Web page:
Here’s a new overlay showing a 58cm Civia Bryant superimposed over a 60cm Rivendell Sam Hillborne. The Civia has a “downsloping” top tube, meaning the size is measured along the seat tube from the bottom bracket to a theoretical top tube above the actual top tube. The Rivendell, on the other hand, has an “upsloping” top tube, meaning the size is a true measurement to the top tube, with the top tube sloping uphill from there. That difference in measuring methods explains the greater than 2cm difference in size between these frames even though they list as 2cm apart on a spec sheet. It’s also interesting to note that because of the difference in handlebar set-ups, the smaller bike has a slightly longer reach to the bars. The moral of the story? There’s the numbers, then there’s the actual bikes and how they fit; don’t confuse the two.
With two kids already enrolled in college and another headed that way in the not too distant future, the recent release of the first-ever League of American Bicyclists’ Bicycle Friendly Universities list is timely for our family. From the LAB website:
The Bicycle Friendly University (BFU) program recognizes institutions of higher education for promoting and providing a more bicycle-friendly campus for students, staff and visitors. The BFU program provides the roadmap and technical assistance to create great campuses for cycling. The first round of Bicycle Friendly Universities were announced at the National Bike Summit.
View the BFU Master Award List →
Denver’s B-cycle bike sharing system opened for its second season this week. Last year, B-Cycle members took 102,981 rides totaling 211,111 miles on the system’s 500 bicycles. Approximately 20% of those rides were multi-modal, combining bike trips with bus and light rail.
More at the Denver Post →
1993 Bridgestone XO-1
There’s a time-honored tradition of hunting down old, but good quality bicycles and re-purposing them for commuting and utility use. Japanese-made, lugged-steel touring and mountain bikes from the late 1980s and early ‘90s seem to be particularly popular candidates for resurrection, probably because of their high quality frames and relatively low prices. This activity seems to be growing in popularity, most likely driven by the SS/fixie craze as well as our poor economy. As you’d expect, these old bikes are starting to fetch higher prices as the demand has increased and the finite supply has inevitably dwindled.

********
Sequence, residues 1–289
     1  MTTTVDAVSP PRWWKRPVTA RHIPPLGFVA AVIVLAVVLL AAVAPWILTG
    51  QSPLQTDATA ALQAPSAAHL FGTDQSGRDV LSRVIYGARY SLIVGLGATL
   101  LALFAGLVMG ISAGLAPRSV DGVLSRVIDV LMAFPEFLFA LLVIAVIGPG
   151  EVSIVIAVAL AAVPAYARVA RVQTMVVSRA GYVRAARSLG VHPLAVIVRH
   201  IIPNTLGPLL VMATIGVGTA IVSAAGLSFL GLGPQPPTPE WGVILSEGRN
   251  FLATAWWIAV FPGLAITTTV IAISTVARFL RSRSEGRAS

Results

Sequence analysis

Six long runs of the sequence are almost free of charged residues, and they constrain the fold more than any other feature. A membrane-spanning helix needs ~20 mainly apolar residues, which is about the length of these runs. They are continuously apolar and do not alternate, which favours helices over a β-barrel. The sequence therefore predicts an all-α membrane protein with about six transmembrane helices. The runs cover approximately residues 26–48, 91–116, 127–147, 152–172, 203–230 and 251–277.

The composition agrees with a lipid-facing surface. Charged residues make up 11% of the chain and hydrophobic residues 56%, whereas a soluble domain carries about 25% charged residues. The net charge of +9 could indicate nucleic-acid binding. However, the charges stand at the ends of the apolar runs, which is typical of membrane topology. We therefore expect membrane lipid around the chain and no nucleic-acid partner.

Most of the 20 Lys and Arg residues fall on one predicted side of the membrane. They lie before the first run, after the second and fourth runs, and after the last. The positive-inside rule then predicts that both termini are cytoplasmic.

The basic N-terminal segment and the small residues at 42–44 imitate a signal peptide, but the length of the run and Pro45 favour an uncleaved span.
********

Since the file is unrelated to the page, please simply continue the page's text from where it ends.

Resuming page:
There’s a time-honored tradition of hunting down old, but good quality bicycles and re-purposing them for commuting and utility use.
Of course, refurbs aren’t limited to bikes from a particular era or of a particular quality. A friend who works at a bike kitchen does a ton of rebuilds based upon no-name frames from various countries and eras. He also happens to have an interest in old Schwinns and he’s restored a number of nice ones to near original condition. Then there’s the cult of the Raleigh 3-speed, which is a whole world unto itself.
Probably because I cut my biking teeth during that era, the lugged steel bikes mentioned above hold a particular fascination for me. I’ve yet to do a refurb, but if I did, I’d probably be looking at a lugged-steel Trek touring bike, a Specialized Stumpjumper, or perhaps even a Bridgestone XO-1, though it’s my understanding that the Bridgestone and the Treks (particularly the 720) have been fetching high prices for some time now.
I’d be curious to hear from those who are riding refurbed bikes that are at least 20 years old. What are you riding and what type of modifications were required? What was your motivation for refurbing an old bike: cost savings, the vintage vibe, the green aspect, or something else?